What are thyroids?
The thyroid gland is a butterfly-shaped gland in the front of the neck that produces thyroid hormones. It is located beneath the Adam’s apple, at the front of the windpipe. Thyroid cannot be felt when it is in its normal size. The thyroid, which is brownish-red in colour is densely packed with blood vessels. The predominant hormone is thyroxine, generally known as T4. Thyroid hormones have a wide range of effects on metabolism, growth and development, and body temperature. Adequate thyroid hormone levels are critical for brain development during infancy and childhood.
When thyroid doesn’t work properly, it can have an adverse effect on the rest of your body. Hyperthyroidism is a condition that occurs when body produces an excessive amount of thyroid hormone. Hypothyroidism occurs when body produces insufficient thyroid hormone. Both conditions are serious and should be treated by the doctor.
Function of Thyroid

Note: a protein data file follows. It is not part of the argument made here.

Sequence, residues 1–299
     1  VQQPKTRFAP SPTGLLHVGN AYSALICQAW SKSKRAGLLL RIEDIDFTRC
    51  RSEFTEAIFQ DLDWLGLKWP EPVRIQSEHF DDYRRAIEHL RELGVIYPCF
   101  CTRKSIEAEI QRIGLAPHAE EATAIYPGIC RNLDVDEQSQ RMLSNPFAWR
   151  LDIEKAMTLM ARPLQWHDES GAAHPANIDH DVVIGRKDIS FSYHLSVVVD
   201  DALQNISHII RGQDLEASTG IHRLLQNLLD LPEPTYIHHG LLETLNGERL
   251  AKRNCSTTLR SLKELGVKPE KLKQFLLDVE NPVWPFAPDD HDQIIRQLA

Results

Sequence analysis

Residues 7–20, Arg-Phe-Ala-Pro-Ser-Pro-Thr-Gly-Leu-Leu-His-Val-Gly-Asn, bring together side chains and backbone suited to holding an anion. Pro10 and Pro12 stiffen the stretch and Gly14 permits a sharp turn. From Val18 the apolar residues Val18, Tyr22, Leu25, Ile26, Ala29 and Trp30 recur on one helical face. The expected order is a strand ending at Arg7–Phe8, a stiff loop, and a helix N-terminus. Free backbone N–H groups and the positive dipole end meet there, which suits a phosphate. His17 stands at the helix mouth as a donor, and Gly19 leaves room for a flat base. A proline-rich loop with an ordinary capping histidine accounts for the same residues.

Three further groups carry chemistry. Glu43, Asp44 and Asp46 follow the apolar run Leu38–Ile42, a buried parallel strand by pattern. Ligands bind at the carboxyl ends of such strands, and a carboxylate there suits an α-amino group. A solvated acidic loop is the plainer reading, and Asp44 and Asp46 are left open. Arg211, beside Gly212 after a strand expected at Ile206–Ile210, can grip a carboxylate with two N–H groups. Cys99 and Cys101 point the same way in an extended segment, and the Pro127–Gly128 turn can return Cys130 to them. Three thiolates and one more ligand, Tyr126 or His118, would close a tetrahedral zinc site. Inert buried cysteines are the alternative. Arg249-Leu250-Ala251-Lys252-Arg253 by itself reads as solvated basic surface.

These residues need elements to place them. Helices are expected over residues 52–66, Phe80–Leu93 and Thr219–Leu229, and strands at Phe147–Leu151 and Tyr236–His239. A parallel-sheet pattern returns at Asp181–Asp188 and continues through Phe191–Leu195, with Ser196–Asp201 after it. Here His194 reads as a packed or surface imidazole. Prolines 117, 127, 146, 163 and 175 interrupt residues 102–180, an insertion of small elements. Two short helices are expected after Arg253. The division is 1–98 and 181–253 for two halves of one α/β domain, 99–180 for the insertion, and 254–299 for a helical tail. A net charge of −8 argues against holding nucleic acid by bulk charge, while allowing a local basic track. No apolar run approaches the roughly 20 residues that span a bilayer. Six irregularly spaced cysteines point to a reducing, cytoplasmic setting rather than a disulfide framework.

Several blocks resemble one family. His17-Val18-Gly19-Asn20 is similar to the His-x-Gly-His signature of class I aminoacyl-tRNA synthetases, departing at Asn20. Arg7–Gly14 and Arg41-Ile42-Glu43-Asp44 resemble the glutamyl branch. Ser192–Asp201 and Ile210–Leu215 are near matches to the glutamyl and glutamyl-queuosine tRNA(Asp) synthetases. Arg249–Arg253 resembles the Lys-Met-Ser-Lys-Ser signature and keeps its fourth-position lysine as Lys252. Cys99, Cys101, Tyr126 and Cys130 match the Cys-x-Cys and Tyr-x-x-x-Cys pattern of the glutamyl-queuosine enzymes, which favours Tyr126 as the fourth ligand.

The thyroid gland plays an important role in our bodies, releasing and controlling thyroid hormones that regulate metabolism. The thyroid regulates your metabolism with two hormones: T4 (thyroxine, which contains four iodide atoms) and T3 (triiodothyronine, contains three iodide atoms). These two hormones are produced by the thyroid and tell the body’s cells how much energy to use. When your thyroid is functioning properly, it will produce the appropriate number of hormones to keep your metabolism running at a normal rate. As the hormones are depleted, the thyroid creates replacement hormones. The pituitary gland is in charge of all of this. The pituitary gland, which is located in the center of the skull, below the brain, monitors and controls the number of thyroid hormones in your bloodstream. When the pituitary gland detects a lack of thyroid hormones or an increase in hormone levels in your body, it will adjust the amounts with its own hormone. Thyroid stimulating hormone is the name given to this hormone (TSH). The TSH will be sent to the thyroid, and it will inform the thyroid of what needs to be done to restore the body’s normal function.